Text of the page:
For the last 11 years, I’ve curated another police museum. So the dilemmas of keeping and displaying contentious artefacts and documents are all too familiar to me.

Spotting dark tourists

So, I asked myself as I sat in front of the panel about the Kray twins: what does a dark tourist look like? I considered the party of white-haired ladies who gathered in hushed discussion and who could, for all intents and purposes, have been WI members tutting over a disastrous sponge cake. The Kray twins were strange celebrity/gangster hybrids. Fearsome gang leaders, their glamorous nightclubs also served as portals through which the rich and famous were able to briefly pass, tasting a parallel world on the “other side of the law”. A form of reality dark tourism, perhaps?

The Krays – briefcase with syringe and poison. © Museum of London

The original Crime Museum did something similar. Based in New Scotland Yard’s notorious Room 101, it indeed housed some truly horrific items and, because it was never intended to be a “museum”, but rather a training resource, it had no boundaries around ethics. The small space created a melting pot where men in shiny, squeaky shoes and creased trousers rubbed shoulders with celebrities, politicians, historians and potential criminals (in the visitors’ book for 1905 is the signature of Frederick Seddon, who later murdered Eliza Barrow).

In the past, dark tourism was everywhere. Now it’s tainted, something that major museums are keen to distance themselves from: modernity has separated us from the daily immediacy of death. Yet we still have a basic human desire to understand the incomprehensible and to push at our own ethical boundaries.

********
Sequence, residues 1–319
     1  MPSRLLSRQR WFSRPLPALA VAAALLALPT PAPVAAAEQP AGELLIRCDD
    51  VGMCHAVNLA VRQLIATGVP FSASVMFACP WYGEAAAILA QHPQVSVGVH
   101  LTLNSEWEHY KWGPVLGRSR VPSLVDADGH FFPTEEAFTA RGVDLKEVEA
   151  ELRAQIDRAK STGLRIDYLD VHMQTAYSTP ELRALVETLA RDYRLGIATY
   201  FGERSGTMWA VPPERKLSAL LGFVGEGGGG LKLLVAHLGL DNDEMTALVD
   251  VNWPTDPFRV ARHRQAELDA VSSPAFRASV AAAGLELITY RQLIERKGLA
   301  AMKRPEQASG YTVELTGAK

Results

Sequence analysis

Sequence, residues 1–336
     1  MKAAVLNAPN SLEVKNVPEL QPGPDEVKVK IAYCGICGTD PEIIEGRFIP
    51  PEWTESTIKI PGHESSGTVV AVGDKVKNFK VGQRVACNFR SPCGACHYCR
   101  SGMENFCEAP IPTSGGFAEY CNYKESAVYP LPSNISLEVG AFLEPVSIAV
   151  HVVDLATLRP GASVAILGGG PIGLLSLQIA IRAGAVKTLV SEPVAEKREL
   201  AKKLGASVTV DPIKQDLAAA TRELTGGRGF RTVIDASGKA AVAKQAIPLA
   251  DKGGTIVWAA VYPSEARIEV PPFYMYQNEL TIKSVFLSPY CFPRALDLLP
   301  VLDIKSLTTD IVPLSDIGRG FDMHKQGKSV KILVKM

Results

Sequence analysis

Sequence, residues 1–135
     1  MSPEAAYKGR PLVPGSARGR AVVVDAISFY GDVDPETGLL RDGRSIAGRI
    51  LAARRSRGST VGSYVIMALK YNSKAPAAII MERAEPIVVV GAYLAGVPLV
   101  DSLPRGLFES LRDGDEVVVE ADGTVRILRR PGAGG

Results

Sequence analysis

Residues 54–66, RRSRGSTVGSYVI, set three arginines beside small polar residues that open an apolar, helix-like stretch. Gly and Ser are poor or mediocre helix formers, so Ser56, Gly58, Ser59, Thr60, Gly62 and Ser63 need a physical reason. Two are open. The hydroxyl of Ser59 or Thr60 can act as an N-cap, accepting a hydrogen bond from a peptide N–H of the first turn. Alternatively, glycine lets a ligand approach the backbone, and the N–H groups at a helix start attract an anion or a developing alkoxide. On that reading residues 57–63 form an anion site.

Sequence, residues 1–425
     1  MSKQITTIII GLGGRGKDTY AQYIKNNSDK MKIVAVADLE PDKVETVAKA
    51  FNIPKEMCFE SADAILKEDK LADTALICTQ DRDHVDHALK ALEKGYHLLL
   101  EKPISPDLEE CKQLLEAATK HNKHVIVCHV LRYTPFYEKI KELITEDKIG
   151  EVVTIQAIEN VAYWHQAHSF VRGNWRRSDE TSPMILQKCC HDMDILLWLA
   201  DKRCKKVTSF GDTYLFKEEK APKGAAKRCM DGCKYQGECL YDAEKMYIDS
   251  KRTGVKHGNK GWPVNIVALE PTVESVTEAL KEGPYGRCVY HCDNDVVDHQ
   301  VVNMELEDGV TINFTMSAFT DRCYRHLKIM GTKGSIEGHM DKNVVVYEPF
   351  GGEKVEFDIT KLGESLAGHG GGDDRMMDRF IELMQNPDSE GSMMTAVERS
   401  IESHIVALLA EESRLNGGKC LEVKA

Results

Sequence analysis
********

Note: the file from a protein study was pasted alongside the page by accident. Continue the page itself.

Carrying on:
As such, all museums play an important role in education, remembrance and entertainment and most hold numerous artefacts relating to death in some way. How many millions of visitors have stared at the grotesquely distorted figure of Lindow Man in the British Museum? Or the human-shaped voids at Pompeii? Do such displays fall into the dark tourism net?

Pin cushion embroidered with human hair by Annie Parker, 1879. © Museum of London

So the dilemmas, particularly for museums of crime, are around how to manage the boundaries between entertainment and the perception of profiting at the expense of others pain. Profit, though not touched upon in this exhibition or supporting material, can’t have been far from the Metropolitan Police’s mind: with the sale of New Scotland Yard and with massive cuts across all police forces it needs to earn its keep. In August 2013 the Express posited a similar thought: “If entrance was charged at £15, the exhibition could look to bring in up to £4.5m”. (Adult entrance is £12.50).

Despite this pecuniary background, correctly managed, dark tourism is actually quite light at the edges. When emphasis is placed on remembrance and education it is a healthy part of building on our life experiences and the term should not be shied away from. It’s important to engage with and talk about our fascination with death.